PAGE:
a frequency divider for frequency dividing the clock signal or the complementary clock signal by P, generating a frequency divided clock signal;
a phase frequency detector for comparing the frequency divided clock signal to the reference clock signal and generating a phase/frequency error signal; and
circuitry for converting the phase/frequency error signal to the control voltage, wherein the VCO has a number N primary inverting stages each having an input and an output, wherein the N primary inverting stages are coupled in series with the output of the Nth primary inverting stage coupled back to the input of the first primary inverting stage, the VCO further having N modulating inverting stages each having a first input, a second input and an output, wherein the first input of modulating inverting stage numbered M is coupled to an input of a primary inverting stage numbered M from the N primary inverting stages, the output of modulating inverting stage numbered M is coupled to an output of the primary inverting stage numbered M from the N primary inverting stages, the second input of modulating inverting stage numbered M is coupled to an output of a primary inverting stage numbered (M+2)(modulo N) from the N primary inverting stages, and a signal level on the output of each of the N modulating inverting stages is varied in response to a voltage level of a common control voltage and corresponding voltage levels on the first and second inputs of each of the N modulating inverting stages, and
wherein the modulating inverting stages each comprise:
a first inverter having an input coupled to the first input of the modulating inverting stage and an output;
a first pass gate having an input coupled to the output of the first inverter, a pass gate output coupled to the output of the modulating inverting stage, and a first control input coupled to the common control voltage;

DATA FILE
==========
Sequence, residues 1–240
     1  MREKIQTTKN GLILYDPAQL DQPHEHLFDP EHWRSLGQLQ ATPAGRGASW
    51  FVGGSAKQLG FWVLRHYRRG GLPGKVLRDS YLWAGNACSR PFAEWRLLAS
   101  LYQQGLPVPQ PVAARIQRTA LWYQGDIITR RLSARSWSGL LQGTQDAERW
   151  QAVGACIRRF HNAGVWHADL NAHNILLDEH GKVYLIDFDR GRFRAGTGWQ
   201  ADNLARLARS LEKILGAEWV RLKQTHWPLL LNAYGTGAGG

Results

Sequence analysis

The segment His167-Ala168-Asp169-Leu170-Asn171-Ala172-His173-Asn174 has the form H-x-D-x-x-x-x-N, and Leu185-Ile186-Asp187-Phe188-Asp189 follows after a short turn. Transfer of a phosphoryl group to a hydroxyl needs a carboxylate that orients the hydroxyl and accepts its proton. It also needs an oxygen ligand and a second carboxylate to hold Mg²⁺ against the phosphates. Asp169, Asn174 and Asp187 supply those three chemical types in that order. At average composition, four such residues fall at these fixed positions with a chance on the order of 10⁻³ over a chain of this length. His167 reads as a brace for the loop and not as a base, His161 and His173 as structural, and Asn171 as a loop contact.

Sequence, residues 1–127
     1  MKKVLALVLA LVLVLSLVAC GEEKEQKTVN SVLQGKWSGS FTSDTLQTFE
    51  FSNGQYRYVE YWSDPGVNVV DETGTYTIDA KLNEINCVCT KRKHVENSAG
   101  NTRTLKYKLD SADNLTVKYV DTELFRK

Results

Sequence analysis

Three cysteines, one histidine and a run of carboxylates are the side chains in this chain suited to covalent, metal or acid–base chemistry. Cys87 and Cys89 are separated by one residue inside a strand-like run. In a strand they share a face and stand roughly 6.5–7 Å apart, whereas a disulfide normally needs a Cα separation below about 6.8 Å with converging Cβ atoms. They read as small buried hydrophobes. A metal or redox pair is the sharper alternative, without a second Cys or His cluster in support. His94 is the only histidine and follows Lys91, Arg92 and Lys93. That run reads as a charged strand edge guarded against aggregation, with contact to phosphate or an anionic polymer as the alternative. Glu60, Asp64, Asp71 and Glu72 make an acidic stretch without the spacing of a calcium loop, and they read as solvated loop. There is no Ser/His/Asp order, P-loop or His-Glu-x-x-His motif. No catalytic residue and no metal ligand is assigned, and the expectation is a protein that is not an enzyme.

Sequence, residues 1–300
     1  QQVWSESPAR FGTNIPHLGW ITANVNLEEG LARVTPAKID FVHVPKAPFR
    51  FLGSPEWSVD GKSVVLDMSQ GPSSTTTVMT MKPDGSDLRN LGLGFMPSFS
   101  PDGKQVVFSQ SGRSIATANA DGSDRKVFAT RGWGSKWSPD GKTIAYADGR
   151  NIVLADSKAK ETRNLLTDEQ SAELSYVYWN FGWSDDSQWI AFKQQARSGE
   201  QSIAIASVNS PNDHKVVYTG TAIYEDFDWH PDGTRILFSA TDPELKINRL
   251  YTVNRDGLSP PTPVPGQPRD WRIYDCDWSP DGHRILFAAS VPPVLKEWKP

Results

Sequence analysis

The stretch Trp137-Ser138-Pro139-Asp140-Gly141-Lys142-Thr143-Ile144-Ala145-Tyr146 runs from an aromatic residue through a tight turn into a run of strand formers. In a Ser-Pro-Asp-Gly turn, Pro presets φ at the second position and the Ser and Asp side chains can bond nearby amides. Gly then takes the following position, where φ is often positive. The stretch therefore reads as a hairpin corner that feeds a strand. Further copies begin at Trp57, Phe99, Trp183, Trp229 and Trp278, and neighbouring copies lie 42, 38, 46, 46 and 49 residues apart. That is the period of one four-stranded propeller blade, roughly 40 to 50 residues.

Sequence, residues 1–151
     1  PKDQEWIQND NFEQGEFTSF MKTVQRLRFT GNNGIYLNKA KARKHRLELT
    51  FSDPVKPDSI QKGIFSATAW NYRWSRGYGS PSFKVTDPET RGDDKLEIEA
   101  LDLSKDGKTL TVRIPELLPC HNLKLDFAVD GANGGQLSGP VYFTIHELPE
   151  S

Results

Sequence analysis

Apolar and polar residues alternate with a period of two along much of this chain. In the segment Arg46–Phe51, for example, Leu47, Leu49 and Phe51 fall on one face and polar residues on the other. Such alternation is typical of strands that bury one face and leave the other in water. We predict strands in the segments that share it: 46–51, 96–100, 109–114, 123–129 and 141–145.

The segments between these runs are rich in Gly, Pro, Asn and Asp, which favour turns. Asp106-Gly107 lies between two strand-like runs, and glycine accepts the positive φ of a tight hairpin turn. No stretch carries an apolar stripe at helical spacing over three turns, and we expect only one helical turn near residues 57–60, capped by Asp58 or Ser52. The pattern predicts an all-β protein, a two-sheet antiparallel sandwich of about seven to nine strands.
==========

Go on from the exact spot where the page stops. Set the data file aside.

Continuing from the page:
a second inverter having an input coupled to the second input of the modulating inverting stage and an output;
a second pass gate having an input coupled to the output of the second inverter, a pass gate output coupled to the output of the modulating inverting stage, and a second control input coupled to the common control voltage; and
a third inverter having an input coupled to the second input of the modulating inverting stage and output coupled to the output of the second inverter.
8. The PLL circuit of claim 7, wherein the first primary inverting stage and first modulating inverting stage each comprise:
a PFET having a source coupled to a first power supply voltage potential a gate coupled as the input of the first inverting stage, and a drain; and
an NFET having a drain coupled to the drain of the PFET, a gate coupled to the input of the first inverting stage and a source coupled to a second power supply voltage potential.
9. The PLL circuit of claim 7, wherein the first, second and third inverters have substantially a same output current drive capability.
10. The PLL circuit of claim 9, wherein the second pass gate is at least twice as large as the first pass gate and thereby has an ON state resistance that is at least one half an ON state resistance of the first pass gate.
11. The PLL circuit of claim 9, wherein the first, second and third inverters each comprise;
a PFET having a source coupled to a first power supply voltage potential a gate coupled as the input, and a drain; and
an NFET having a drain coupled to the drain of the PFET, a gate coupled to the input and a source coupled to a second power supply voltage potential, wherein the PFET and the NFET are sized to have equivalent current drive levels.
12. The PLL circuit of claim 7, wherein the number N is an odd number greater than one.
Description
TECHNICAL FIELD

The present invention relates in general to complementary metal oxide semiconductor (CMOS) circuits for implementing a very high frequency voltage controlled oscillator (VCO).

BACKGROUND INFORMATION

Phase-locked loops (PLLs) have been widely used in high-speed communication systems because PLLs efficiently perform clock recovery or clock generation at a relatively low cost. Dynamic voltage and frequency scaling is a critical capability in reducing power consumption of power sensitive devices. Scaling, in this sense, means the ability to select high performance with nominal power supply voltages and high frequency clock operation or low performance by reducing the power supply voltage and corresponding the clock frequency. Reducing the system power is usually done when performance is not needed or when running from a limited energy source such as a battery. To allow low power operation, the PLL and other circuits must support very aggressive power/energy management techniques. For the PLL, this means low power operation while supporting key required features such as dynamic frequency scaling, dynamic voltage scaling, clock freezing and alternate low frequency clocking. Dynamic implies that the PLL is able to support changes in the output frequency and logic supply voltage without requiring the system to stop operation or waiting for the PLL clock to reacquire lock.